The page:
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Educating the Next Generation

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Issues Affecting Black Students at Home Threaten Their Advancement

It’s perhaps the most serious problem facing our community: education of the next generation. And, frankly, the outlook isn’t so good. Education reform and initiatives like President Obama’s “Race to the Top” are stressing standardized testing. But these tests don’t measure the myriad of problems some of our children are facing, like drug-addicted parents and embroilment in the foster care system, or teen pregnancy or even death of a parent. Policy is being set, but rarely do you get a glimpse of how these policies shape actual lives, both student and faculty member.

An important film on the nation’s educational crisis premieres on PBS this month. The documentary, 180 Days: A Year Inside An American High School, takes an unprecedented look at a learning institution at the epicenter of the nation’s school reform movement and the lives that hang in the balance. The four-hour film airs from 9:00 to11:00 p.m. ET on Monday, March 25, and Tuesday, March 26, on PBS.

Washington, D.C., became the school reform movement’s ground zero in 2007 when Michelle Rhee became schools chancellor. Test scores rose and fell and now the nation’s capital tops the list of major U.S. cities for its glaring achievement gap: white students best black students by a margin of as much as four to one. The United States ranks near the bottom of all indexes for education among industrialized nations, and most African-American children now attend schools in which graduation is not the norm.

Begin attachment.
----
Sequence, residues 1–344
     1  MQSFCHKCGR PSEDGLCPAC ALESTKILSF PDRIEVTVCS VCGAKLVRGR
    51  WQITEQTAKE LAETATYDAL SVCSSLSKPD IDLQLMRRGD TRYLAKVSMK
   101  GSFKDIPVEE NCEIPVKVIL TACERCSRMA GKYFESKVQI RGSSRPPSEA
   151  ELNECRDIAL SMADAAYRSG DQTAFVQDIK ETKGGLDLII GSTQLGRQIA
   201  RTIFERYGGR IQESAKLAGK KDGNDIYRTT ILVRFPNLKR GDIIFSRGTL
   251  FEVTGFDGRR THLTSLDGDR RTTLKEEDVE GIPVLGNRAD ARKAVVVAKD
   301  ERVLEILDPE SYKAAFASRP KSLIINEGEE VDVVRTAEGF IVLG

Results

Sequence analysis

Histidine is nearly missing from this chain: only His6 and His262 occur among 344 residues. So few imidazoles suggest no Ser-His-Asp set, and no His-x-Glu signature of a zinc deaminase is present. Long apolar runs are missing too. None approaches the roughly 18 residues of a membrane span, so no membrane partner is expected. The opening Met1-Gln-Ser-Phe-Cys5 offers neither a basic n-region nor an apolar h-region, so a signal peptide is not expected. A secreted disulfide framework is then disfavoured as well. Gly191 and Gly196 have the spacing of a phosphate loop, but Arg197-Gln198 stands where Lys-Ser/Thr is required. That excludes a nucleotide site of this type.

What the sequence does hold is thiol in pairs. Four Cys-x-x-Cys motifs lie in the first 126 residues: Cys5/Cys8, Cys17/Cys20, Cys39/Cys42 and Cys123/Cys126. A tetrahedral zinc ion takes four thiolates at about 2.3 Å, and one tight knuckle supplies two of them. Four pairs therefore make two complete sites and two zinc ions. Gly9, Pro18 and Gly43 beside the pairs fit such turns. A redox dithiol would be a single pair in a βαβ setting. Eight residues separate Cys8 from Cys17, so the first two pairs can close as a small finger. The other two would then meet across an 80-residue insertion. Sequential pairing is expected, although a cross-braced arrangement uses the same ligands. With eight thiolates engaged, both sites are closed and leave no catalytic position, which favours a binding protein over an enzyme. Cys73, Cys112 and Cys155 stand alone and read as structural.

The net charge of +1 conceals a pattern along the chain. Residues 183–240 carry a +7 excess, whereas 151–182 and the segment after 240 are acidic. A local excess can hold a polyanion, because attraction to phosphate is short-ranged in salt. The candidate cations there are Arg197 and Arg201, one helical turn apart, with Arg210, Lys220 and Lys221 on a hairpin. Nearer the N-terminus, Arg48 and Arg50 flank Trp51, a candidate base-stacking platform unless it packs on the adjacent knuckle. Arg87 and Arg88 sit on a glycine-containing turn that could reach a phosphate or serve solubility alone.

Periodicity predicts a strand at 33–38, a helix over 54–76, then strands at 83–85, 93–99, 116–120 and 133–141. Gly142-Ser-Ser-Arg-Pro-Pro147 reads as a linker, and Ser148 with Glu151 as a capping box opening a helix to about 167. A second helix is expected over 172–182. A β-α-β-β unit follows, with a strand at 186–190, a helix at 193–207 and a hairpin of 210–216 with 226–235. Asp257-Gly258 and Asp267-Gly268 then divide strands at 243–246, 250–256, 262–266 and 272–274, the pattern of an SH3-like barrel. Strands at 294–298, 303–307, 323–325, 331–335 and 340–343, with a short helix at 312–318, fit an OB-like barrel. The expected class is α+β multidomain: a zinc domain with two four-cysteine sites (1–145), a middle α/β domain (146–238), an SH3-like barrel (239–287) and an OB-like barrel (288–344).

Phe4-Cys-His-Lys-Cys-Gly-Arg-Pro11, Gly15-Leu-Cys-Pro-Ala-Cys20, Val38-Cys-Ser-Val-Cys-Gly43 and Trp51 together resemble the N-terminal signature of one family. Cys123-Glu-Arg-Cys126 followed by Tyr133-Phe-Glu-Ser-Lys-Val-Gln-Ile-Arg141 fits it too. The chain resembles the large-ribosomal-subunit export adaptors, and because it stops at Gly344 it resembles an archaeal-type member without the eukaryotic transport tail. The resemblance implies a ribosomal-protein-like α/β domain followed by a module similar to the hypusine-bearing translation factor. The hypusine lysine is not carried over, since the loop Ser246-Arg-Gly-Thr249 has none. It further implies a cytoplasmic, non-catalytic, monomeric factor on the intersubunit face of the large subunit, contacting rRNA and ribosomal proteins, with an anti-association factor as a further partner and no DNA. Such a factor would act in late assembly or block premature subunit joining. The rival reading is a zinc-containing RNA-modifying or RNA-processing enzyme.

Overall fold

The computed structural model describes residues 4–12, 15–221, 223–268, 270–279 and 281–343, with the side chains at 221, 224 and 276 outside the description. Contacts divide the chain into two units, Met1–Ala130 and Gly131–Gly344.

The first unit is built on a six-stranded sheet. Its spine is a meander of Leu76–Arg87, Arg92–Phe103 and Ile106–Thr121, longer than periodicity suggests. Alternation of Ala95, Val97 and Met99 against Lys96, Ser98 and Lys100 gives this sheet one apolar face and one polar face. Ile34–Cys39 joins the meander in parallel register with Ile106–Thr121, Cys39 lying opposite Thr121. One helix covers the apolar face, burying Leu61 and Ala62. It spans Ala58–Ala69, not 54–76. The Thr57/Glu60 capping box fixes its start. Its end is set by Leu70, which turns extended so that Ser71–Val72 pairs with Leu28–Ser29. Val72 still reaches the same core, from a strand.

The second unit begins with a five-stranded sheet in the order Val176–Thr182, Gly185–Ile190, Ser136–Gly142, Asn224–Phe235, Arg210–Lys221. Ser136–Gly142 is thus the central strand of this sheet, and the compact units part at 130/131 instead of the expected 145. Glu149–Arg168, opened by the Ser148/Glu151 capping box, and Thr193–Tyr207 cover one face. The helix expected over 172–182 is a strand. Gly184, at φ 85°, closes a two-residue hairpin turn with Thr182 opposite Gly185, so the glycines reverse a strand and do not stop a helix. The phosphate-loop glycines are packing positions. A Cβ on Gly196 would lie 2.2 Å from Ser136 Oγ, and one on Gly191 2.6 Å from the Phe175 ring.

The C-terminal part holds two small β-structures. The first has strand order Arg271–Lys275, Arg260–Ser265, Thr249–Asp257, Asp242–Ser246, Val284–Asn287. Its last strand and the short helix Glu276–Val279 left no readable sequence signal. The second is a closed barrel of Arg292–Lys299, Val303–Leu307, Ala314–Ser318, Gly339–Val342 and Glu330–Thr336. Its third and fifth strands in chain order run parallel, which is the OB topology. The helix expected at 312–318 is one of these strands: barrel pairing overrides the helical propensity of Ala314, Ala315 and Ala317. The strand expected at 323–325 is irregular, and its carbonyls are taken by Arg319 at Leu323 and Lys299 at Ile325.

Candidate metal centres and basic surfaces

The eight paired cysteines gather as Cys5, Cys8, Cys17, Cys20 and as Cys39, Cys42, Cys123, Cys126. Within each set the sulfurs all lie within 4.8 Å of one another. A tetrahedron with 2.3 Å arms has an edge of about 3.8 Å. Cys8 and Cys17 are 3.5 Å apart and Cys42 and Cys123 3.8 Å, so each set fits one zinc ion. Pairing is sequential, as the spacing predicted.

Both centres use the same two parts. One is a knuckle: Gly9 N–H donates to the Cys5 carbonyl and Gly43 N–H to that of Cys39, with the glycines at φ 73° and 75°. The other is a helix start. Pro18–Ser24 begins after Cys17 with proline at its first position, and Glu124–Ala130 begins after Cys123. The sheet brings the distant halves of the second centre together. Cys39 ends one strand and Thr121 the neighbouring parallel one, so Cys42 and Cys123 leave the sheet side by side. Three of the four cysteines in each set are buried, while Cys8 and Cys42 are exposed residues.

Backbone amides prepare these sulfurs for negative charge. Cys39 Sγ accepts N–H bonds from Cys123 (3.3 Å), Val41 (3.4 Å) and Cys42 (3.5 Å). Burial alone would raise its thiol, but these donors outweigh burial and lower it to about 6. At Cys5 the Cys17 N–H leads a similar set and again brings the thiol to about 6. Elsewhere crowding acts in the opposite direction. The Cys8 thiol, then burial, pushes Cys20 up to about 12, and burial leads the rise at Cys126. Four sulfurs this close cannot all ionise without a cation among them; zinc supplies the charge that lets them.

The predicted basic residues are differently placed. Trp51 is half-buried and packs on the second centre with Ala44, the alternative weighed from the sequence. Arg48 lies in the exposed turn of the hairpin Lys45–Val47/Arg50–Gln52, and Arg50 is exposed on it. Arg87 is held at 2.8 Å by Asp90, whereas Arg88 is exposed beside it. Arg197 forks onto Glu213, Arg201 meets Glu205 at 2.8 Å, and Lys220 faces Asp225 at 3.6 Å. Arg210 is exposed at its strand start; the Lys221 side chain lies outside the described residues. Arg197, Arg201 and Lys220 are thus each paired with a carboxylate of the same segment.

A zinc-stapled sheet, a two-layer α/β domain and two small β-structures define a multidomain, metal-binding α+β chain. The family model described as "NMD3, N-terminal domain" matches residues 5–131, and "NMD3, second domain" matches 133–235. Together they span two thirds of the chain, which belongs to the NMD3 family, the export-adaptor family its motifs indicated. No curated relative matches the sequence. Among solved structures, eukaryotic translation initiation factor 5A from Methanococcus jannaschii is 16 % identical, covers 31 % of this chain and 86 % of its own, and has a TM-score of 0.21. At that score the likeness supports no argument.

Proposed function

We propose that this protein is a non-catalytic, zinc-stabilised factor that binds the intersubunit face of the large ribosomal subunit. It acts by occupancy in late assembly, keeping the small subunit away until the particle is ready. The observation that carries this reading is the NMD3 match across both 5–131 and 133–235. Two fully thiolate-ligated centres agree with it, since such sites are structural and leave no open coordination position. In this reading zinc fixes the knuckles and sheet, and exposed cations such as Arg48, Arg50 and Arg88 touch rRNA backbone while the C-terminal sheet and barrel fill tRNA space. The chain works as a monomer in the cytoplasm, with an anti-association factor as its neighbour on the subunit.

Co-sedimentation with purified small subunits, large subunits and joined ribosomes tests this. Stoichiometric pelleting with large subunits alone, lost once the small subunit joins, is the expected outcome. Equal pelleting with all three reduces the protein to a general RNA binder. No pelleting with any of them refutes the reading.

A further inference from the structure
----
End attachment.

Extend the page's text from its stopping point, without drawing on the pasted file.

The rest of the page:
School reform has brought numerous changes and has emphasized standardized testing, partially promoted by the Obama administration’s “Race to the Top” initiative, in which school funding and personnel decisions are based largely on the results of highstakes standardized tests. Tests, however, don’t take into account the troubled population of the school at the center of the documentary, Washington Metropolitan High School—or DC Met, as it is called—a school for children at risk of dropping out. It doesn’t measure the effect that a parent dying or a baby coming or a displacement by Hurricane Katrina or drug-addicted parents or the foster care system have on a student’s ability to succeed—or even to show up for school. And it doesn’t measure the desperate efforts of the school faculty working to reach these children.

The film follows five students—Raven Coston, 17; Raven Quattlebaum, 18; Rufus McDowney, 16; Tiara Parker, 18; and Delaunte Bennett, 18—facing these and other crises. It captures the dramatic battle of Principal Tanishia Williams Minor and the faculty at DC Met, where only 7 percent of students are deemed “proficient” in math and only 19 percent in reading, as they race to reform truants, raise test scores and save their school, jobs—and the lives of their children. 180 Days shows the real faces of those affected by the policies and legislation being implemented nationally.

“We have policy on education and we have reality,” said Jacquie Jones, executive producer of the film, “and 180 Days provides a snapshot into the reality of the on-the-ground troops in the fight to claim the lives and destinies of our children, many of whom are facing seemingly insurmountable challenges in their quest for an education.”

180 Days is produced by the National Black Programming Consortium (NBPC), which brings programming about the Black experience to public television. The program is part of American Graduate: Let’s Make It Happen, a public media initiative supported by the Corporation for Public Broadcasting (CPB), that helps communities nationwide understand and

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